This startlingly realistic portrait of a military official in ceremonial robe is attributed to Ch'ae Yongsin on the basis of its similarity to several signed paintings of civil officials by this artist. One is dated 1927, the period of the Japanese occupation. The other is dated 1905 (see Cho Sonmi, Han'guk ch'osanghwa yon'gu , figs. 174, 224). The artist was a magistrate in Chongsan Prefecture with junior second rank. In 1900, he was involved in a prestigious court project copying royal portraits; a special office was established by the king for this project (see Hongnam Kim, ed., Korean Art of the Eighteenth Century [New York: Asia Society Galleries, 1993], 43). According to Dr. Kim, portraits were the most important aspect of figure painting during the Joseon dynasty.
An unsigned portrait of a seated civil official, attributed to this artist, is in the collection of the Portland Art Museum and was published by Junghee Lee in Azaleas and Golden Bells: Korean Art in the Collection of the Portland Art Museum and in Portland Private Collections (Portland, OR: Portland Art Museum, 1998). Dr. Lee dates the Portland painting to the last years of the Joseon dynasty, ca. 1900-10, on the basis of the two cyclical dates that appear on a plaque attached to the red tassel the sitter wears with his ceremonial robe.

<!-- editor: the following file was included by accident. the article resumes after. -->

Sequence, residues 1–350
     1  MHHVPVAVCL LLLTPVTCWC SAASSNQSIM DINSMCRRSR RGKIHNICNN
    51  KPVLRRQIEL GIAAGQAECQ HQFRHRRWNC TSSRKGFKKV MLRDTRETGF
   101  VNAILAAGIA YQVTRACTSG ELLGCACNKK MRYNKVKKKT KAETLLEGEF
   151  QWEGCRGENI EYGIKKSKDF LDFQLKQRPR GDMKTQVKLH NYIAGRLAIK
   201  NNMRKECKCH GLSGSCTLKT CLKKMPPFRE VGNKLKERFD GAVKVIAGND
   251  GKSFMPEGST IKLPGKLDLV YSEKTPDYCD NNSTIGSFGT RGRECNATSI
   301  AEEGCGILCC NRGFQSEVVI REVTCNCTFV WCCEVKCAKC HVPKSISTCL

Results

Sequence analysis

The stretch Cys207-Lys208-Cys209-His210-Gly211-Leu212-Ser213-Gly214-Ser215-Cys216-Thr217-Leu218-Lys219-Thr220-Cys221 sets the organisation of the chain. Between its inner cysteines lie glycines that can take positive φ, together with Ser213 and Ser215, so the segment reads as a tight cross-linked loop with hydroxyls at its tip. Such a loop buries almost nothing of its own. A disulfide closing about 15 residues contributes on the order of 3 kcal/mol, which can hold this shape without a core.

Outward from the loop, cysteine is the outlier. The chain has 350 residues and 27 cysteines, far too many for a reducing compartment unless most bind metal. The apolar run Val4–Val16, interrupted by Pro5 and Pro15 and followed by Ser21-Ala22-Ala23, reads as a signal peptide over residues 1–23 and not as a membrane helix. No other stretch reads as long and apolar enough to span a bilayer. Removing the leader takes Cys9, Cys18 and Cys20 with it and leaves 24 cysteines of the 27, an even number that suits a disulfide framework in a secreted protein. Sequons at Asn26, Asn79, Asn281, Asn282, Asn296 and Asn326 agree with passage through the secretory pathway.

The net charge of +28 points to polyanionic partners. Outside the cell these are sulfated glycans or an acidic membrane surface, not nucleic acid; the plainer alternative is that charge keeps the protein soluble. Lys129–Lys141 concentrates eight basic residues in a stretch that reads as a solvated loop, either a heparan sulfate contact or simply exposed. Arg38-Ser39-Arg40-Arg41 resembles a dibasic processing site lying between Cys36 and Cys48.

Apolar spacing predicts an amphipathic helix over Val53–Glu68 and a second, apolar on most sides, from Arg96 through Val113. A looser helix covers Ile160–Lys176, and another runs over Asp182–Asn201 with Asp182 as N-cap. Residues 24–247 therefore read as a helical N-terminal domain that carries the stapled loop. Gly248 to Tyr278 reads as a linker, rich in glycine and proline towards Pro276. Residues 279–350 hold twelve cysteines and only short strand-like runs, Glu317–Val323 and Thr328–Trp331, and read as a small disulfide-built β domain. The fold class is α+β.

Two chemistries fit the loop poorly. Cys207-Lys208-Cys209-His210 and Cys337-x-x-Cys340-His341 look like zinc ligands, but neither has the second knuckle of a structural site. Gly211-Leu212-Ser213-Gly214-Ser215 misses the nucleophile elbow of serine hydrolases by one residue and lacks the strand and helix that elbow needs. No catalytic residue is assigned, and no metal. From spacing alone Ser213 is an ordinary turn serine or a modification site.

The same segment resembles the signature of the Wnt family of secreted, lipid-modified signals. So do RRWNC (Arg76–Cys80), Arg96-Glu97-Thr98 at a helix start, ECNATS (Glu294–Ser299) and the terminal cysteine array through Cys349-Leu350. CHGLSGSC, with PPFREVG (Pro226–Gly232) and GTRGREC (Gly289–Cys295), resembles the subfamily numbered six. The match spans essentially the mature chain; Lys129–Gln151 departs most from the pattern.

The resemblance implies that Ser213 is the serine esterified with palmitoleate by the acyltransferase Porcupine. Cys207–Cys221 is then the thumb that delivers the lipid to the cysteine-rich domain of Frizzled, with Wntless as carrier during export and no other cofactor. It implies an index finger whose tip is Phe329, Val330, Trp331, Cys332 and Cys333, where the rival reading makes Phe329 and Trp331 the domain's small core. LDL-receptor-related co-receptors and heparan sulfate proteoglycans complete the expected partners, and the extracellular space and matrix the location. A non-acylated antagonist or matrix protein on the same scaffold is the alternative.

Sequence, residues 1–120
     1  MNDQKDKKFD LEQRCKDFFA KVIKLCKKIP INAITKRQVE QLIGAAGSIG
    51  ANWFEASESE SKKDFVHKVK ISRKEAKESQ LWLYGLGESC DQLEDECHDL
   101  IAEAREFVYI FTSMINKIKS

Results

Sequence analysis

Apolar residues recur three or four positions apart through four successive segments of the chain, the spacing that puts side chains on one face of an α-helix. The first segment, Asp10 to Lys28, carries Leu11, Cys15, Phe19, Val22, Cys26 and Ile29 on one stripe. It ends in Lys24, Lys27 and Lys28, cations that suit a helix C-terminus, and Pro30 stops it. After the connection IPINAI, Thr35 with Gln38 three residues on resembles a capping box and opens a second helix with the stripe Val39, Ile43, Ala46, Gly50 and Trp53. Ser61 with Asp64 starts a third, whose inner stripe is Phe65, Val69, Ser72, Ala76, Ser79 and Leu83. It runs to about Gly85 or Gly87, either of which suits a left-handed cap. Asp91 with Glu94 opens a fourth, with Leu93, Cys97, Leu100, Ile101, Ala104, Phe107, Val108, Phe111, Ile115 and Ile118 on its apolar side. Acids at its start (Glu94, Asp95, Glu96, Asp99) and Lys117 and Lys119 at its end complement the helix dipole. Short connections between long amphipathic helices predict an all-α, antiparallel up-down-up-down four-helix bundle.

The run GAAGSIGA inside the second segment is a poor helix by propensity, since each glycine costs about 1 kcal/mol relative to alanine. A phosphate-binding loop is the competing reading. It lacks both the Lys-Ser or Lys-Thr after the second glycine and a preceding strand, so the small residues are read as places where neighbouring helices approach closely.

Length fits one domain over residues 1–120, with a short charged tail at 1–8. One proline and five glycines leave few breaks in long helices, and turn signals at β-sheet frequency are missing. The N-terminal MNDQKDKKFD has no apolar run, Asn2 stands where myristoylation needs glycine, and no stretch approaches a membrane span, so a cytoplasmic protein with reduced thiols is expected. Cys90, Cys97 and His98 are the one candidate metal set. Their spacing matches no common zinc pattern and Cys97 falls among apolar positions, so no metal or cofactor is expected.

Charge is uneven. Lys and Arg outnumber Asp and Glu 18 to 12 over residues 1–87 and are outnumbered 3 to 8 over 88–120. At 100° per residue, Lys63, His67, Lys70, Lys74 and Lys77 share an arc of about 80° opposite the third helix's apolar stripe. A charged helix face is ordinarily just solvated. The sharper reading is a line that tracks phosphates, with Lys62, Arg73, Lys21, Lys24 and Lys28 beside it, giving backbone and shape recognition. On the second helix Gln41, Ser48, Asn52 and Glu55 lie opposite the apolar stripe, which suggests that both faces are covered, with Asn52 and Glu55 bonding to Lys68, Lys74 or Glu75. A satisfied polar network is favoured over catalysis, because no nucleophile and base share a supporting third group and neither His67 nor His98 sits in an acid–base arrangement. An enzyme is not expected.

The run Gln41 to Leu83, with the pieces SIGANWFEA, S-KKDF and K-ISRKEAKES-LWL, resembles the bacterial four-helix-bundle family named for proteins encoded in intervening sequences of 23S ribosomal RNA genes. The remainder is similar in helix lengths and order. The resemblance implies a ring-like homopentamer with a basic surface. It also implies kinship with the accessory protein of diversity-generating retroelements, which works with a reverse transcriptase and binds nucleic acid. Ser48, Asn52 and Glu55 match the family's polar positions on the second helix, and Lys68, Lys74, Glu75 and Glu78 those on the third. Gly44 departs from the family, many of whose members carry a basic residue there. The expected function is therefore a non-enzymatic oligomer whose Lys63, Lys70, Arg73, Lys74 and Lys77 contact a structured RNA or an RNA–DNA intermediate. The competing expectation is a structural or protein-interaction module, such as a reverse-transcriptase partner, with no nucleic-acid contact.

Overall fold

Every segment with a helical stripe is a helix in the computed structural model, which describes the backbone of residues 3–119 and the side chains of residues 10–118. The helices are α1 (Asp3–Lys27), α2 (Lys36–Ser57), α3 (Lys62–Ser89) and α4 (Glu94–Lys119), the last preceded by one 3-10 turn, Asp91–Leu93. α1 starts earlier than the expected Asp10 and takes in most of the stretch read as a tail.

As in the case of the painting shown here, the official sits on a mat in a Korean pose that may have been chosen to suggest that the sitter is a patriotic Confucian official at a time when Korea was falling under the influence of imperial Japan.
The identity of the sitter is unknown, but he wears a rank badge with two leopards that accords with military titles of first to third ranks. The cyclical year of his birth given on his tassel probably corresponds to 1862, and the cyclical year he became an official probably corresponds to 1885. The sitter is not a young man, and it is likely that the portrait dates from 1910 or later.